Join Date: Apr 22, 2011
Location: Off the Walls & Over the Bridges
Encounters, sightings, letters and more of the 1970-1980 variety
Columnist fondly recalls meeting John Lennon
STATEN ISLAND, N.Y. — All it takes is the first few bars of the song to bring the lump to my throat.
“And so this is Christmas, and what have you done? Another year over, a new one just begun ...“
Of all the Beatles, John was the last one I’d ever imagined would pen a Christmas ditty. You expected it of cuddly, correct Paul, but not brash, opinionated John. No, John Lennon was not your Christmas feel-good kind of guy. Or at least that’s what I thought until I met him.
I was just out of college at the time and didn’t know what I wanted to do with my life. I’d always thought I wanted to be an actor, so I majored in theater and dramatic lit. But I was brought up by Depression-era parents who drummed the words “job security” into my head for so long, when the time came to decide whether to try my luck in the theater or get a real job, I took the safe way out.
Even so, I wasn’t going to settle for just any job. I wanted something exciting. If I couldn’t be a star myself, I wanted to work for celebrities, and since I was a major Beatles fanatic, I decided to try for a job with Abkco Industries, which had recently taken over management of the Fab Four’s Apple Records.
“We actually do happen to have an opening in our royalties department,” I was told by the office manager. “You’re not afraid of numbers, are you?”
I thought it best not to tell him that when Sister Mary Benignus told me I’d gotten a 67 on the geometry Regents and I realized I’d never, ever, have to take math again, I ran into St. Sylvester’s and lit a candle.
So I started working in the royalties department, struggling with profit and loss sheets, praying every day that I wasn’t shortchanging John, Paul, George and Ringo of money they were due, and patiently waiting to see one of them walk down the hall.
It took a few months, but finally, it was going to happen. According to A&R (artist & repertoire) assistant May Pang, John and Yoko were coming in. I freaked. Quietly, of course, because I didn’t want anyone to think I wasn’t cool, but I freaked, nonetheless. And not just because one of the Beatles was coming in, but because it was John. Unlike the other three, he always seemed somewhat forbidding to me. In fact, he scared me.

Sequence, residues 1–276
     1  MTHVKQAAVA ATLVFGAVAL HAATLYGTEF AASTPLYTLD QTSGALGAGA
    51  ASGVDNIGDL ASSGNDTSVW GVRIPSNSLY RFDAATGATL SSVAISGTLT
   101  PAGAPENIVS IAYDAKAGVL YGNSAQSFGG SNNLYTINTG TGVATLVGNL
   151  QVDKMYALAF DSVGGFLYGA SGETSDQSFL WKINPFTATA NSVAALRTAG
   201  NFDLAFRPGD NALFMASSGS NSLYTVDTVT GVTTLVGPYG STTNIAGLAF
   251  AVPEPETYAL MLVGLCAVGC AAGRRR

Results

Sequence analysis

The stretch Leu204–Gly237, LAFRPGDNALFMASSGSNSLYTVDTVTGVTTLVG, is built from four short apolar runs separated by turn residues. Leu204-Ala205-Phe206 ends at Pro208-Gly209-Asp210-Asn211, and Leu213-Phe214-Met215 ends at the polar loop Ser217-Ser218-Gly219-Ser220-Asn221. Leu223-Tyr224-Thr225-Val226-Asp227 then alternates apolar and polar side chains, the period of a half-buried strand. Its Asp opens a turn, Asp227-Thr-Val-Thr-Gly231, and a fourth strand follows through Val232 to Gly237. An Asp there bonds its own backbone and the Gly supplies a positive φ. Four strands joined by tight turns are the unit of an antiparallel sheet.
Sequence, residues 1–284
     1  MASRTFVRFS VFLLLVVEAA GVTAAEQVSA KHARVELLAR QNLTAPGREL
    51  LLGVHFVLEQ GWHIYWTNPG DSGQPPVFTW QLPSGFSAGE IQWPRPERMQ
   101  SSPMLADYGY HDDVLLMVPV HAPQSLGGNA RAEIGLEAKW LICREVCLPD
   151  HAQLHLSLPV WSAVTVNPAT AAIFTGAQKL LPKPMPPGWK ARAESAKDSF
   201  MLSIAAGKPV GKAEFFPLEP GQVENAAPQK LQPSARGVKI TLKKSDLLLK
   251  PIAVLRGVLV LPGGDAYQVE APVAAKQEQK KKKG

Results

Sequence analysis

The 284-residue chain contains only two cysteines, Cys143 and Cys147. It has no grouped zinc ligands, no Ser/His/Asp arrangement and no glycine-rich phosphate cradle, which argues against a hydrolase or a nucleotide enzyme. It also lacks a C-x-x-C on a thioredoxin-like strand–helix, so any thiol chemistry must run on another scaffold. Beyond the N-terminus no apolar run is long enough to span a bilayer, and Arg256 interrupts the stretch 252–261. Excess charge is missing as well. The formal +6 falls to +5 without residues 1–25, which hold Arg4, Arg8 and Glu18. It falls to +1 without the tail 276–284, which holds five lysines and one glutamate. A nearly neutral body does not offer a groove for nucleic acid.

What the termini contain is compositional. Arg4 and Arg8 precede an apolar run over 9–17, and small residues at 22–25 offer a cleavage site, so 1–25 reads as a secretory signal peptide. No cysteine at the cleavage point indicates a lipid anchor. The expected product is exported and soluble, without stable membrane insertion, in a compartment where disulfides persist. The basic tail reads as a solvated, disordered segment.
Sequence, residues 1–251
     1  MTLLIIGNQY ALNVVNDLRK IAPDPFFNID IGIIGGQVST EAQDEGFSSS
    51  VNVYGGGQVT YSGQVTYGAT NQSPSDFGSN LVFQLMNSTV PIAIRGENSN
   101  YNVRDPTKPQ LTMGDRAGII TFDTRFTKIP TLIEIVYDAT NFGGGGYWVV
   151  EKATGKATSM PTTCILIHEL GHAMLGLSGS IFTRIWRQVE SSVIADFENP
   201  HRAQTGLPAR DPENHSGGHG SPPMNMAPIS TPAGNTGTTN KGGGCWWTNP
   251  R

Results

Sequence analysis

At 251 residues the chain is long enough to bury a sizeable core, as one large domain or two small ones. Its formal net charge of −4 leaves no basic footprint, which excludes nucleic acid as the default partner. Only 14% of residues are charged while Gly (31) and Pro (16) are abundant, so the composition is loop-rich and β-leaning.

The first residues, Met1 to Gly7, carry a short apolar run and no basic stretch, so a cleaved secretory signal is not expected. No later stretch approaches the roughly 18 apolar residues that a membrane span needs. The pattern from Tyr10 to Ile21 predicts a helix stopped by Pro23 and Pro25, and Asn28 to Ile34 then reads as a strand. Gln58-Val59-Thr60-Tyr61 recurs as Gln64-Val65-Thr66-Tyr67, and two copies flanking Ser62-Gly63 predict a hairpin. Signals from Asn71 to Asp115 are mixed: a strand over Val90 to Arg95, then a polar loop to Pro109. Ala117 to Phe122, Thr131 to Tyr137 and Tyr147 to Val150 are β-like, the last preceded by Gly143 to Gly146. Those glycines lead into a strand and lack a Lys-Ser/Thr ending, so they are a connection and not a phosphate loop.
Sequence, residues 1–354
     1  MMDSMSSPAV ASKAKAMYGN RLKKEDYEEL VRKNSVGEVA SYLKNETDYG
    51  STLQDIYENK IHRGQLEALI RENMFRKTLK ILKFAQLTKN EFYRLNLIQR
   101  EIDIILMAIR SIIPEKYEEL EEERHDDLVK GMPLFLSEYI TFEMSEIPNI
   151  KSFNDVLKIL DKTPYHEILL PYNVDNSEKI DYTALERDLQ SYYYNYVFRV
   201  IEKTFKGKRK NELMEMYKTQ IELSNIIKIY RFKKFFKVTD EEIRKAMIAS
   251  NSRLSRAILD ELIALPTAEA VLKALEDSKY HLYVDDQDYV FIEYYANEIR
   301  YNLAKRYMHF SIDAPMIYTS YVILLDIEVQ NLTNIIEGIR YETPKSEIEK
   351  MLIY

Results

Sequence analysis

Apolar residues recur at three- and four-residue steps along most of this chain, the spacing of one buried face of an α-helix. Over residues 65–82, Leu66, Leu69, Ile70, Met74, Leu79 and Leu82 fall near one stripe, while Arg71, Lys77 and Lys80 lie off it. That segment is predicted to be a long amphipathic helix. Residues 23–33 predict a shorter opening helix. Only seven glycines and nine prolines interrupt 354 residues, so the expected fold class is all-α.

And then there he was, walking past my desk, the wisp of a wry smile playing about his mouth. As he walked, he looked this way and that, as if trying to make eye contact with us mere mortals, unlike Yoko, who looked straight ahead. Yoko always looked straight ahead; not John.
That was the first of many times John came into the office. Two of those times stand out in my mind. The first is the day John and Yoko walked into the elevator after me. I froze; It was one thing to have John Lennon walk past my desk; it was another to be in an elevator with him.
Yoko slinked into a corner but John looked straight at me. He must’ve seen the panic in my face, so when he went to press the button for our floor and saw it already had been pressed, he turned and said, “So, you’re going up to the 19th floor too?”
And what did I answer?
“Doesn’t everyone, eventually?”
To this day, I don’t know where that came from or what it meant. I’m sure John realized in trying to make me feel more comfortable, he’d only made things worse. It was a silent ride after that.
The second of John’s visits to the office that stands out occurred when he was recording “Happy Christmas, War Is Over.” It was in summer, and he’d come in to talk to the A&R guy about setting up the session. John was bringing in the Boys Choir of Harlem and he wanted to have a big, decorated tree, and lots of toys and gifts to give the children to create a holiday feeling in the studio. In all the times he’d come into the office, I don’t think I’d ever seen him so animated or happy as he was that day.
Which is why 30 years after Mark David Chapman made his name by shooting John Lennon outside the Dakota, hearing that familiar, nasally voice singing “And so this is Christmas ...” moves me to tears every time. Especially since it starts being played right around the anniversary of John’s death, Dec. 8.
John Lennon was the last person I’d ever expect to write a Christmas song, but I’m glad he did because it has become part of the soundtrack of my life.
I’m also glad I lied about my math prowess that day way back when, because if I hadn’t, I wouldn’t have the healing memory of a smiling John Lennon planning the perfect kids’ Christmas party to go along with it.
Last edited by 4iiiis : Dec 15, 2011 at 06:24 PM.
Reason: typing on a stupid little netbook w/trackpad!